Arabian nights- Camping in the desert with kids.

Travelling towards the desert area during our Oman road trip, suddenly the landscape seemed cloudy and overcast with poor visibility. From inside the car looking out it felt cooler, however the temperature gauge was increasing steadily. The wind picked up slightly and we realised that the cloud was indeed sand. We were in a sandstorm.  Thankfully not a big or long lived one, but amazing to see how the whole sky transforms. 

Our desert adventure began on the petrol station forecourt,  as all good adventures do, learning how to deflate your tyres before driving across sand dunes. A necessary step to ensure we did not get stuck en route. We met some fellow explorers on the way to our camp so set off in tandem or perhaps in caravan is the way to describe. Much like driving in snow, Daddy the driver declared. Though I’m not sure how much we take that seriously since he also declared upon arrival at our camp that, and I quote, ‘there’s more sand in the desert than I expected’. Hmmm the Geography degree may need revisited. 

Anyway we journeyed first through what seems like a sandy road but then quickly were directed up a steep sand dune and off road we went. This is why I hired the 4WD. There would be no chance without it, you would be stuck. A 14km journey took about 30 mins through the spectacular  red sands of the Wahiba or  Sharqiya Sands as it is known. Dunes after dunes, red sand as far as the eye could see, with a few hardy desert bushes and trees thrown in. A few solo camels wandered past and we found a few families of them at various routes. Nestled in the flat plain surrounded by dunes either side we arrived at our destination the Sama Al Wasil Desert Camp. If you are feeling a little more cautious or don’t have a 4WD you can arrange that the camp meets you at the nearest town and transports you.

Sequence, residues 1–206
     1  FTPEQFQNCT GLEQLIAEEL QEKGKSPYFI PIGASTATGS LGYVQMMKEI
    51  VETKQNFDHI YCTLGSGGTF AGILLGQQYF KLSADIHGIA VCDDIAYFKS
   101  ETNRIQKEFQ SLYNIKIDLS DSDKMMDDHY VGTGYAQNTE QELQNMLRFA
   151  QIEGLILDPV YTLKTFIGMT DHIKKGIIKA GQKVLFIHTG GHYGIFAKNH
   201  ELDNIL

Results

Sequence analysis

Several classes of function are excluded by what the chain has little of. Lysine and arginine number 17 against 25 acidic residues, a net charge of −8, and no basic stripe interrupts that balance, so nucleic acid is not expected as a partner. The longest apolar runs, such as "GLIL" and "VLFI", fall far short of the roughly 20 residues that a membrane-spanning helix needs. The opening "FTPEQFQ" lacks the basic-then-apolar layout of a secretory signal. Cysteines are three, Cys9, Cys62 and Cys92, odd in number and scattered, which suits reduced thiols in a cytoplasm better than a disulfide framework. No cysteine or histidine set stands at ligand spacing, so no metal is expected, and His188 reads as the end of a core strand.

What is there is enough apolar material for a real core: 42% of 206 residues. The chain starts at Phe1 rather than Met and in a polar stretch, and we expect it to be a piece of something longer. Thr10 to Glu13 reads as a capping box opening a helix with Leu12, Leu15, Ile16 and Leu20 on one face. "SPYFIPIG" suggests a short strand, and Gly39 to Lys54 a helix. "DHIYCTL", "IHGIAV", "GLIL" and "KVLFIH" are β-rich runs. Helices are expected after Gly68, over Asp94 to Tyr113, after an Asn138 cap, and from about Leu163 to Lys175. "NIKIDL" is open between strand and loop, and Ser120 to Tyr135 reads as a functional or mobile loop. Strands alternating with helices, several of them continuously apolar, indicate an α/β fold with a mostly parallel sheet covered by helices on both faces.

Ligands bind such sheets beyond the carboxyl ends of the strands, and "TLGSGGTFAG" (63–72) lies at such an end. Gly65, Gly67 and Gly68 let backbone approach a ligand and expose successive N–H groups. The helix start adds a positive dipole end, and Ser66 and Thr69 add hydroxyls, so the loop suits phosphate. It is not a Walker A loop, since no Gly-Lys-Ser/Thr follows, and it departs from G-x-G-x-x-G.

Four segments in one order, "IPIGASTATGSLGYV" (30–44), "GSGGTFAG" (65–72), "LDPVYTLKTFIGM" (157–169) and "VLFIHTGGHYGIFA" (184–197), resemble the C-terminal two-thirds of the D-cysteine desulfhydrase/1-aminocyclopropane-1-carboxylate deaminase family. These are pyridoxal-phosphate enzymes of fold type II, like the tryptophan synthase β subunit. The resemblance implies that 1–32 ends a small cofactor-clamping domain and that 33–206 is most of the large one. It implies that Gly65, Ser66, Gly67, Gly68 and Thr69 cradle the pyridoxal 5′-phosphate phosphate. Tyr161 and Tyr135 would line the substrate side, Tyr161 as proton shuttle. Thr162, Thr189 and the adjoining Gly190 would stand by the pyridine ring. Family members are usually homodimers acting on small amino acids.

Sama Al Wasil – our home for the night

We were met by friendly and helpful staff who showed us our room. We had a little house, with 2 bedrooms and a bathroom and the all important air conditioning. We would not have survived the 47 degrees centigrade temperature otherwise! The camp is set up with small houses surrounding a central tent for relaxing. There’s some tents further back and dining tent. All meals are provided with the fee. It’s well set out, clean although as it’s situated in the desert there are some creatures that appear at night. The children were not fans of the large beetles that scuttled across the floor. We were given bug spray in our room but didn’t need to use it and no one seemed to get any bites. 

We headed off up the sand dune to witness the sunset. It was hard, hot work clambering up. The two little ones didn’t make it the full way to the top. There was a handy rope provided to help pull yourself up. I discovered Miss 10 is much fitter than me! Roasted, soon the winds picked up and a small rain shower cooled us down. It was strange to see and feel the large raindrops coming down the sand dunes. As quickly as it started it ended. Standing at the top of the dunes, all you can see is sand dune after sand dune across the horizon. The silence and the emptiness struck me, other than the sight below of our little desert camp. The view of the sunset was spectacular- the golden sun reflecting over the red and golden sands. The most fun part – running down the warm sand with my feet sinking in up to my waist.